Hook stick is speargun, legally

Two men were fined in Summary Court after pleading guilty with explanation to a marine conservation offence.

The explanation given on behalf of James Samuel Ebanks and Hosman W. McKenzie was that they did not know the hook stick they were using was illegal.

‘They were not aware – and probably a lot of people are not aware – of items that come under the Marine Conservation legislation,’ Defence Attorney John Furniss told the court.

He acknowledged that their explanation did not amount to a defence.

The men had entered their plea to the charge of taking marine life with an unlicensed speargun. They admitted taking 11 lobsters with the illegal implement on 14 January 2004.

They also pleaded guilty to taking more than the legal limit of three in 24 hours.

They pleaded not guilty to taking marine life from a marine park off Seven Mile Beach.

The matter was set for trial before Magistrate Grace Donalds. However, after the pleas and explanation, Crown Counsel Marlene Smith indicated those pleas were acceptable.

Mr. Furniss offered apologies on behalf of both defendants. He pointed out that they had come to court on a number of occasions and had lost work each time.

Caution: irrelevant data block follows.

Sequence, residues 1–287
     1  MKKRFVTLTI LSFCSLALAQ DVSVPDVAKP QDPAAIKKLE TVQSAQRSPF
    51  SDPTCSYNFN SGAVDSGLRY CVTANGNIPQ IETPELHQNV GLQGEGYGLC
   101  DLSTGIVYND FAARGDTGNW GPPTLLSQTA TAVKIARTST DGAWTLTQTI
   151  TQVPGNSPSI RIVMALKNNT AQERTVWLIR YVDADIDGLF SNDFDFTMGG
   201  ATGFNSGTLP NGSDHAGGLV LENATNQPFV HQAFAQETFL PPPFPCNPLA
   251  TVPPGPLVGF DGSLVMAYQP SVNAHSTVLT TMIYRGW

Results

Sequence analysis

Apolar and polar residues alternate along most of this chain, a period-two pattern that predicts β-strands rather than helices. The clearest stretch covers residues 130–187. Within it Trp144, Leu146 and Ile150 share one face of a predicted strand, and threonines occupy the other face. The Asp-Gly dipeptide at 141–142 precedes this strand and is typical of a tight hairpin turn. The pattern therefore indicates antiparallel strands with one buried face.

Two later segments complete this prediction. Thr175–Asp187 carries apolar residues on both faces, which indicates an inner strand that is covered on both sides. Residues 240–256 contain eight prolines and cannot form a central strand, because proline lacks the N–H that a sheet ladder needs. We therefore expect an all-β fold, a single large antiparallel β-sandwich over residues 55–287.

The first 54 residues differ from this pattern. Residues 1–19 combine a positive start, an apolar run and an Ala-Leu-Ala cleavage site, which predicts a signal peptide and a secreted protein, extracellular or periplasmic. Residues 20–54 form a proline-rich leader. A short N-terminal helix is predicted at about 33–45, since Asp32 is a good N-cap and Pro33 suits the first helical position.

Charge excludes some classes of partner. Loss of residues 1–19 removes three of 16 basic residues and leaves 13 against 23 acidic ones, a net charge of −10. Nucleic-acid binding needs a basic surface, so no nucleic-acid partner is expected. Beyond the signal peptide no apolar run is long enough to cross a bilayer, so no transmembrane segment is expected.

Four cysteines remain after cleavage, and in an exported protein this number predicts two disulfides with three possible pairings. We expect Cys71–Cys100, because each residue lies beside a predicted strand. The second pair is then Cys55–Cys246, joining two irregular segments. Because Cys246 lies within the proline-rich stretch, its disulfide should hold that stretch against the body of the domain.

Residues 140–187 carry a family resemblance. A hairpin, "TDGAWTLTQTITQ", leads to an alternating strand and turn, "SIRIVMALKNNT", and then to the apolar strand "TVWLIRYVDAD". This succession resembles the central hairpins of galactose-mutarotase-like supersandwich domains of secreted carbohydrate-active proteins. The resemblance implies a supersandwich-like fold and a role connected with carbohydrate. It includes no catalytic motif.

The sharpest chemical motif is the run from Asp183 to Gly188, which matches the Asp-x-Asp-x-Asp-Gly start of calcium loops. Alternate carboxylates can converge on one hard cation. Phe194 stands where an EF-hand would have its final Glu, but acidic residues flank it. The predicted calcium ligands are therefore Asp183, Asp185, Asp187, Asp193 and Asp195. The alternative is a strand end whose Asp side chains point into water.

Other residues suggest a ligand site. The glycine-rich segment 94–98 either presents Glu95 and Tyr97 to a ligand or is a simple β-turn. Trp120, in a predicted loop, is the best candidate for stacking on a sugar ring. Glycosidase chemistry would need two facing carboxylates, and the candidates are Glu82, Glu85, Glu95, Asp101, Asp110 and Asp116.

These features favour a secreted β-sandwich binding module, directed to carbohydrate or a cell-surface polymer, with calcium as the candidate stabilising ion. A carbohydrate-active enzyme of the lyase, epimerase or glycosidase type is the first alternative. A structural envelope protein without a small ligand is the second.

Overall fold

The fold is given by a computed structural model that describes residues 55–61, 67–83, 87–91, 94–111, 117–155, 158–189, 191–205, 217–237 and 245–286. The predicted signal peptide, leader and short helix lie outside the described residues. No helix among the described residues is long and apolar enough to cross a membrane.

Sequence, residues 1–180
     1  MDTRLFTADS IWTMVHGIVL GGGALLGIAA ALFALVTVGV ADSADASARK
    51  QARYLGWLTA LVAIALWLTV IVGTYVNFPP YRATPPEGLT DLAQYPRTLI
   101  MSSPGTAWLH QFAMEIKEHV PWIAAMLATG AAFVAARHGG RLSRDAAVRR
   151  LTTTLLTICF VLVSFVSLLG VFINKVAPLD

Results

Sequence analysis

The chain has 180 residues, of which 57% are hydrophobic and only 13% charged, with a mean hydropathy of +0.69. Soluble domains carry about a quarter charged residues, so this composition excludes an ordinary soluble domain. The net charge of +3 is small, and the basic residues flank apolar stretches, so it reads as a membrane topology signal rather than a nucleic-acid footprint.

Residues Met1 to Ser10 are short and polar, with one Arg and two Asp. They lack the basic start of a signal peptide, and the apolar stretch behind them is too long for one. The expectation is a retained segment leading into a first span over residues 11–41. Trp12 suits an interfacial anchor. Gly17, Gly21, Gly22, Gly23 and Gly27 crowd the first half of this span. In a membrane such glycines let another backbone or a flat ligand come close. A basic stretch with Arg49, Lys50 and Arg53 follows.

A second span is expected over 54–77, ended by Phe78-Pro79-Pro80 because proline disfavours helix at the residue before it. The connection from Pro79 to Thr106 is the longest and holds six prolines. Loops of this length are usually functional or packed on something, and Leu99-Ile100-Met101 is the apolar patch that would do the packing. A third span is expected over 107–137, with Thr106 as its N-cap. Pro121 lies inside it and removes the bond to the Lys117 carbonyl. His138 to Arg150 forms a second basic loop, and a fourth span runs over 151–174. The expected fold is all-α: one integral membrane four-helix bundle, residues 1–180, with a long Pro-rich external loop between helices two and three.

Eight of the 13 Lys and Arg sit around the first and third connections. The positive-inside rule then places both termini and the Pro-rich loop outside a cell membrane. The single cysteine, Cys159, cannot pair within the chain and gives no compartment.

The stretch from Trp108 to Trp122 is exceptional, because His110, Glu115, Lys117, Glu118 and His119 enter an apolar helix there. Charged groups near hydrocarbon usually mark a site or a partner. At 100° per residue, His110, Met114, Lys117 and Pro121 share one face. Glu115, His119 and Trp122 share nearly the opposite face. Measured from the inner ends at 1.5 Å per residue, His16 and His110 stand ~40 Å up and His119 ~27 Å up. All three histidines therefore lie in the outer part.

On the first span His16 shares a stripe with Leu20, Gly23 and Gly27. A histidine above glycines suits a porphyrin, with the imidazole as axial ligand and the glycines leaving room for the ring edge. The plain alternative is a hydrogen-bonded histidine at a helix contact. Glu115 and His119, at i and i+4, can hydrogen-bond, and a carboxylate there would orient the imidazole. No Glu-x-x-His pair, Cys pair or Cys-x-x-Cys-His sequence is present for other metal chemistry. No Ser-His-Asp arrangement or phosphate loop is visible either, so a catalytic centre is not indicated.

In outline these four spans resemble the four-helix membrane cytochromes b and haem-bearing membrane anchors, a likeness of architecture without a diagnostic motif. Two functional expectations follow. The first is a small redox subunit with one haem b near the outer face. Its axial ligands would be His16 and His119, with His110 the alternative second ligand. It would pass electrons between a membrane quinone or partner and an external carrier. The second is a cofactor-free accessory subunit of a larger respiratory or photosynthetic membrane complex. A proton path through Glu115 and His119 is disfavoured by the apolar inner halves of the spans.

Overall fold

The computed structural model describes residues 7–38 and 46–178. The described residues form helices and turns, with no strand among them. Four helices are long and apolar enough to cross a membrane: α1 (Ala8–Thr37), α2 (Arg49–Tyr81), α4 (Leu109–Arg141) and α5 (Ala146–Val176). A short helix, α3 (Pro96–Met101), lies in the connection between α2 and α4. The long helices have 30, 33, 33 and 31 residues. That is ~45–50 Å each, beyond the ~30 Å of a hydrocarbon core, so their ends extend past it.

The magistrate noted that Ebanks had two previous convictions, one for conch and one for lobster, in the 1990s.

She then imposed a sentence of six months, suspended for two years, on Ebanks and fined him $750 for taking marine life with the unlicensed speargun.

McKenzie had no previous marine conservation offences. He was fined $500.

No separate penalties were imposed for the other offences to which the men pleaded guilty.

Marine Enforcement Officer Mark Orr explained the definition of speargun under the Marine Conservation Law.

Spearguns include mechanical or pneumatic spear guns, hook sticks, Hawaiian slings, pole spears, stick spears, harpoons and rods.

They also include any device with a pointed end that may be used to impale, stab or pierce any marine life.

The definition of speargun does not include what is locally referred to as a striker. Mr. Orr said a striker is a long wooden pole, no shorter than 10 feet and with no more than two barb-less prongs attached to one end.

Prongs without barbs do not pierce marine life, he noted. Strikers are traditionally used for picking up conch by men in boats who locate the conch by looking through a water glass, which is a short-sided box with a glass bottom.

Hook sticks do pierce marine life, Mr. Orr said.

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